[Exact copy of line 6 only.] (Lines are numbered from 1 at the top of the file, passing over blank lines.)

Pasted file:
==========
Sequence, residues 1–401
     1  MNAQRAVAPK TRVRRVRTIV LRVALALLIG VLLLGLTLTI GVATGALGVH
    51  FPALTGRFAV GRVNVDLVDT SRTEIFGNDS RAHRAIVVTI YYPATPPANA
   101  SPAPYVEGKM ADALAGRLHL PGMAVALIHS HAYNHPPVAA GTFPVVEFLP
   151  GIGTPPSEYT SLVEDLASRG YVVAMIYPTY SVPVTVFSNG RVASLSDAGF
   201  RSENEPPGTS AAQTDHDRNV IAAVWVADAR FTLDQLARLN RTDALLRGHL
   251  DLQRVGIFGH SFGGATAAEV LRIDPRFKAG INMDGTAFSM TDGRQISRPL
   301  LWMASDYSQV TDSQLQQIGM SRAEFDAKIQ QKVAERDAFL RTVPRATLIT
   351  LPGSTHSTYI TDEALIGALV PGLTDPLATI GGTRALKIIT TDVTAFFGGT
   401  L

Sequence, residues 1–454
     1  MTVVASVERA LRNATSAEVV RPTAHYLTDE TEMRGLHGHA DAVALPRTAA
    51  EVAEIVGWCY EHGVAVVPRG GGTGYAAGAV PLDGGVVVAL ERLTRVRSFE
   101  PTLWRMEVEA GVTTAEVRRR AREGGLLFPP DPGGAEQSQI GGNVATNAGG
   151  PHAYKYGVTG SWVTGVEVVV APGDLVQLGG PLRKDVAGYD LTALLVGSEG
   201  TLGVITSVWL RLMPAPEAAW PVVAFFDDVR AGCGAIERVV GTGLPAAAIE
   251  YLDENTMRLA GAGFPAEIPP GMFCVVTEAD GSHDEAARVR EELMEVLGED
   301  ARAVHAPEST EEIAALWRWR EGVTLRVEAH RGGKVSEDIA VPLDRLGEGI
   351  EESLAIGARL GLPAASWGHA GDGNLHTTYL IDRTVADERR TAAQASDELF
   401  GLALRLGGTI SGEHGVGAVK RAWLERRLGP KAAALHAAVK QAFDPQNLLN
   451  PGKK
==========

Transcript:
   201  RSENEPPGTS AAQTDHDRNV IAAVWVADAR FTLDQLARLN RTDALLRGHL